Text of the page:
Psychological Medicine



Cost-effectiveness of cognitive behavioural therapy, graded exercise and usual care for patients with chronic fatigue in primary care


P. McCRONE a1c1, L. RIDSDALE a1, L. DARBISHIRE a1 and P. SEED a1
a1 Centre for the Economics of Mental Health, Health Services Research Department, Institute of Psychiatry, King's College, London, UK; Department of General Practice and Primary Care, Guy's, Kings & St Thomas' School of Medicine, London, UK; Wolfson Institute of Preventive Medicine, Queen Mary College, London, UK

Article author query
mccrone p   [PubMed][Google Scholar] 
ridsdale l   [PubMed][Google Scholar] 
darbishire l   [PubMed][Google Scholar] 
seed p   [PubMed][Google Scholar] 

Abstract

Background. Chronic fatigue is a common condition, frequently presenting in primary care. The aim of this study was to compare the cost-effectiveness of cognitive behavioural therapy (CBT) and graded exercise therapy (GET), and to compare therapy with usual care plus a self-help booklet (BUC).

Method. Patients drawn from general practices in South East England were randomized to CBT or GET. The therapy groups were then compared to a group receiving BUC recruited after the randomized phase. The main outcome measure was clinically significant improvements in fatigue. Cost-effectiveness was assessed using the net-benefit approach and cost-effectiveness acceptability curves.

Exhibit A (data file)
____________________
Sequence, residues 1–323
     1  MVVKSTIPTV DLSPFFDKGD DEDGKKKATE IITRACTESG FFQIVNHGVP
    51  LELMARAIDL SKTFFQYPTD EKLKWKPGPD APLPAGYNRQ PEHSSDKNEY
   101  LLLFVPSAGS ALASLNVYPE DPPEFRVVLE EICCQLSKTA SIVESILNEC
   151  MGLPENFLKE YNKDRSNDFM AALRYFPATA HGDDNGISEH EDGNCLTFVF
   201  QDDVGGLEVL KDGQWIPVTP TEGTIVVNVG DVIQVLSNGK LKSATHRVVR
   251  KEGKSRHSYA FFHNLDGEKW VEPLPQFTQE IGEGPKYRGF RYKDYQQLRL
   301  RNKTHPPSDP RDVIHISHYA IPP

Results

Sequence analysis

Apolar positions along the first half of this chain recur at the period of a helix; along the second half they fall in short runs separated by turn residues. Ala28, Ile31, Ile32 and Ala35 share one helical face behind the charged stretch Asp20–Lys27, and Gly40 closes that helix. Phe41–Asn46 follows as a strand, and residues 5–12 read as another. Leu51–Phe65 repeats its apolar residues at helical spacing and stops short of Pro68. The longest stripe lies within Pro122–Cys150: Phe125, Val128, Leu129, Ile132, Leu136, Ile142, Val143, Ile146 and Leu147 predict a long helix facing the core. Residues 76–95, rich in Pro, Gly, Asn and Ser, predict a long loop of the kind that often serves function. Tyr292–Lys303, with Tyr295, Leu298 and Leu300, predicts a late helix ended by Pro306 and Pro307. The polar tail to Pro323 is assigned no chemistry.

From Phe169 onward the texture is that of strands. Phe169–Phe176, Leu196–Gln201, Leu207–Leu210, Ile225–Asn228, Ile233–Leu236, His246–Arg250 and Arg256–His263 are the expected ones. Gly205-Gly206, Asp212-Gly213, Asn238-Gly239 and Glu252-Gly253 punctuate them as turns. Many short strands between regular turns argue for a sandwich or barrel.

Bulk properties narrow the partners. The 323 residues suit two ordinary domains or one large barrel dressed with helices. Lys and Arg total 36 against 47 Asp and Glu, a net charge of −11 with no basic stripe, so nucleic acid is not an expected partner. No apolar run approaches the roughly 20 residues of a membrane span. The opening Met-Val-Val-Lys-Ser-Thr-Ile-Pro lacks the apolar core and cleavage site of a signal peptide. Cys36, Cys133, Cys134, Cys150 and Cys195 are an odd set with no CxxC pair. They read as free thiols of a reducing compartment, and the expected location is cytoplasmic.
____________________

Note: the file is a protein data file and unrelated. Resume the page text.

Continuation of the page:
Results. Costs were available for 132 patients, and cost-effectiveness results for 130. Costs were dominated by informal care. There were no significant outcome or cost differences between the therapy groups. The combined therapy group had significantly better outcomes than the standard care group, and costs that were on average £149 higher (a non-significant difference). Therapy would have an 81·9% chance of being cost-effective if society were willing to attach a value of around £500 to each four-point improvement in fatigue.

Conclusion. The cost-effectiveness of cognitive behavioural therapy and graded exercise were similar unless higher values were placed on outcomes, in which case CBT showed improved cost-effectiveness. The cost of providing therapy is higher than usual GP care plus a self-help booklet, but the outcome is better. The strength of this evidence is limited by the use of a non-randomized comparison. The cost-effectiveness of therapy depends on how much society values reductions in fatigue.


Correspondence:
c1 Paul McCrone, Senior Lecturer in Health Economics, PO24 Centre for the Economics of Mental Health Health Services Research Department, Institute of Psychiatry, De Crespigny Park, London SE5 8AF, UK. (Email: p.mccrone@iop.kcl.ac.uk)


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